I wondered about Telemachus. His fate and mine, so similar, and yet, I felt he had been luckier in his misfortune than I. There’s very little comfort about me, very little legacy to hold on to, and very little room for pride, for my father was neither a fighter, nor was he a powerful man. No. He was a poor man from a small country, who had to leave his wife and home, and work in a distant land so that he could support his family. He was handsome – from what I’d been told – tall, fair skin, head full of dark hair, big brown eyes that gave grace to his large forehead, and high cheekbones that stood gratified above a sharp jaw line. His mouth was circled by a pair of full lips, that wouldn’t kiss me until this moment: I am a married woman with two children of my own.

My mother never described him to me, for she was a very shy woman, and refrained from making comments about males, whether that male was her husband, her brother, or her son. My aunt described my father, for she missed her brother dearly, and always tried to make him alive for me by telling me tales and stories, all of which always ended with him leaving and never knowing much about his children. And because of this ending, his image remained always incomplete in my mind, his face untouchable, his embrace unreachable, his voice inaudible, and his smile invisible.

I was born in 1939, only a month before the start of World War II. My mother, my innocent mother, either had forgotten her previous pregnancies that had given her a son and a daughter, about fifteen years before I was conceived, or was too embarrassed to remember that she was a woman, and not a virgin. She was a wife without a husband, so it was only proper that she lived her innocence to the fullest, even if it meant that she would deny her own humanity. To her though, this was no denial, but a simple expression of her submission that she only belonged to one man.

She didn’t know how to show it in another way, other than by disavowing the existence of anything that wasn’t chaste or pure. She was the kind of Penelope that weaved her own truth in her reality. She was kind and sweet and blushed when I kissed her, and I knew that she was embarrassed by affection, and feared it would awaken in her what was to never exist – the woman. So, she remained a mother, for as long as she lived.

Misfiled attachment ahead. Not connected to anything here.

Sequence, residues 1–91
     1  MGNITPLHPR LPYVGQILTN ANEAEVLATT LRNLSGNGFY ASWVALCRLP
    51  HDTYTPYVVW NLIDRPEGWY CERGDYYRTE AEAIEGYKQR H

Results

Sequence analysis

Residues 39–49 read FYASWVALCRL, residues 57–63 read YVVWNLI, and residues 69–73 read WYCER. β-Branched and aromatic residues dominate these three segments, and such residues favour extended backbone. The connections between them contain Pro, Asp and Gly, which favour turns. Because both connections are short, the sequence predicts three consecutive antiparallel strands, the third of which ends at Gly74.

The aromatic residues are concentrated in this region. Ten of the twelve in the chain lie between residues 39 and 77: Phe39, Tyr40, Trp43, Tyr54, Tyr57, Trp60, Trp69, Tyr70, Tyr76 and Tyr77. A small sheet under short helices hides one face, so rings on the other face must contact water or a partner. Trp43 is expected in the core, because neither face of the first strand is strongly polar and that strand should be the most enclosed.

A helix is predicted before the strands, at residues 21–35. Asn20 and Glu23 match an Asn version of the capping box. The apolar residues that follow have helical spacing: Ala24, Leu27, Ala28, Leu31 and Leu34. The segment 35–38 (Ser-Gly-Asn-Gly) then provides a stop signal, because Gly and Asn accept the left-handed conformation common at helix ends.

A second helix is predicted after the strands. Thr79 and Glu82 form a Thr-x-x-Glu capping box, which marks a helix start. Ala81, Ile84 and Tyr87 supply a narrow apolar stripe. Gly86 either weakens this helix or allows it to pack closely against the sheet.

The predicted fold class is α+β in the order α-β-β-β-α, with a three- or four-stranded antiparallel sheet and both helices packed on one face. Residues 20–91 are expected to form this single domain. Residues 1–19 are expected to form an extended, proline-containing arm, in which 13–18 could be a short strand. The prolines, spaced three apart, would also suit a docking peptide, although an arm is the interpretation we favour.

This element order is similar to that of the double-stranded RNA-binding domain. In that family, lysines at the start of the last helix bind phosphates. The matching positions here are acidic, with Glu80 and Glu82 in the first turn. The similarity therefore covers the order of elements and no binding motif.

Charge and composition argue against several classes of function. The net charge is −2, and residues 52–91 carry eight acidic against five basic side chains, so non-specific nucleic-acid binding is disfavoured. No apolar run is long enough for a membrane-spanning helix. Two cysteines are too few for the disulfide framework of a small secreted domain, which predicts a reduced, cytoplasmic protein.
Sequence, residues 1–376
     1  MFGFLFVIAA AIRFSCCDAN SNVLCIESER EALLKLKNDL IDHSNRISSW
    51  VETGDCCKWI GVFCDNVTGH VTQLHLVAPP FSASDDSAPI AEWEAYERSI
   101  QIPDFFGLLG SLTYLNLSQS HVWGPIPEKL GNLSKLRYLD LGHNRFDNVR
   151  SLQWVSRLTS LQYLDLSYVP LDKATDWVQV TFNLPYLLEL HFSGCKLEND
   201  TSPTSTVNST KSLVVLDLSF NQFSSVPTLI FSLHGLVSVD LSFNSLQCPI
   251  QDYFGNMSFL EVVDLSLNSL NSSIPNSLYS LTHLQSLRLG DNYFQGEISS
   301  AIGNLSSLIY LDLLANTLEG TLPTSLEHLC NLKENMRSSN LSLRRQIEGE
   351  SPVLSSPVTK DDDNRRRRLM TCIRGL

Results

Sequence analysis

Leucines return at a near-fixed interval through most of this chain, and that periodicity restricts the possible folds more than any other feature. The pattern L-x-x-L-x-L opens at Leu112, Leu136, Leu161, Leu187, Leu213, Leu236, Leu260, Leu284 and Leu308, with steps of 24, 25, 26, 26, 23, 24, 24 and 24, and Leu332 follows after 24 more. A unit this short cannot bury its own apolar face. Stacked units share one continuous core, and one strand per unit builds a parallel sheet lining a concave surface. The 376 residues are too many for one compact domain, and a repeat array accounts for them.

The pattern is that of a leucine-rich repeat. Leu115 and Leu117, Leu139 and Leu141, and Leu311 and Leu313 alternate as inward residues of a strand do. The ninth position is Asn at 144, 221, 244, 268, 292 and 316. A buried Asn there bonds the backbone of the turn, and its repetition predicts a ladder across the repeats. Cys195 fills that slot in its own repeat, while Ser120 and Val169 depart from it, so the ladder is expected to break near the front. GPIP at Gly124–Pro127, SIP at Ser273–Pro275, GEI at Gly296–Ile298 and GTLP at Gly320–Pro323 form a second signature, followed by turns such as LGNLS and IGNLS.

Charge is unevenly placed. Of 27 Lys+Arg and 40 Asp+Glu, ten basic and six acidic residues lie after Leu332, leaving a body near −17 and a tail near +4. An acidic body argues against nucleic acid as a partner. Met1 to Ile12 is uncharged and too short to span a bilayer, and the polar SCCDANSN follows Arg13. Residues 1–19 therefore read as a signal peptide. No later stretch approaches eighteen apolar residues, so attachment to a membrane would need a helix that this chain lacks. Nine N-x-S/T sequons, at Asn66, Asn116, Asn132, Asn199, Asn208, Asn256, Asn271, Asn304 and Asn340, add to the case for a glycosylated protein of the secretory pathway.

There was a lot she worried about; her eldest daughter was beautiful, smart, and involved with groups against the extreme national factions that had created ties with Nazi Germany. Her son was just as much involved in the movement and during the war brought propaganda pamphlets home, which my older sister would distribute in the neighborhood and beyond. About three years into the war, as the country got more organized and partisans were fighting under leadership, my brother joined the army and didn’t return until the end of the war. I remember, when I was three or four years old, a German soldier was assigned to guard the door of our home, because we were marked as a partisan abode.

One evening, there was a knock on the door that startled my mother, She opened the door only a little, enough for the outside darkness to create a line through the door, and for the silhouette of the German’s helmet to create a dent through it. I went after her and grabbed her dress. I noticed the German soldier make gestures and speak in a low voice. He put his hands together as if in a prayer, and then leaned his face on his hands, as if on a pillow. My mother shunned him, pushed the door tight, and in a fury said something about sleep. I don’t remember much about their very brief encounter, but I remember thinking that I was the only one who slept with my mom, and that’s that.

During these times, I was my mother’s comfort, and she kept me so close and so shielded, that I didn’t know anything else, but her. She was my mother, my father, my brother, and my sister. I longed for them, and in my childish mind would search for their faces, would try to recognize their voices, and would attempt to recollect their touch or kiss, but they transformed into my mother no matter how much I searched for their image and for their memory.

Soon, I realized that I had never seen my father, and my sister was more like a shadow that would pass by, sometimes hold me before running out the door, other times read something aloud and laugh at my stunned face, and my brother, he was even more elusive, tall, and dim, an imprint of something transparent in the dark room where the candle flickered and mixed his image with that of Saint Mary in the icon on the wall. I’d see her and baby Jesus, and somehow would think that he was part of that setting, always East, always by the window, always fleeting.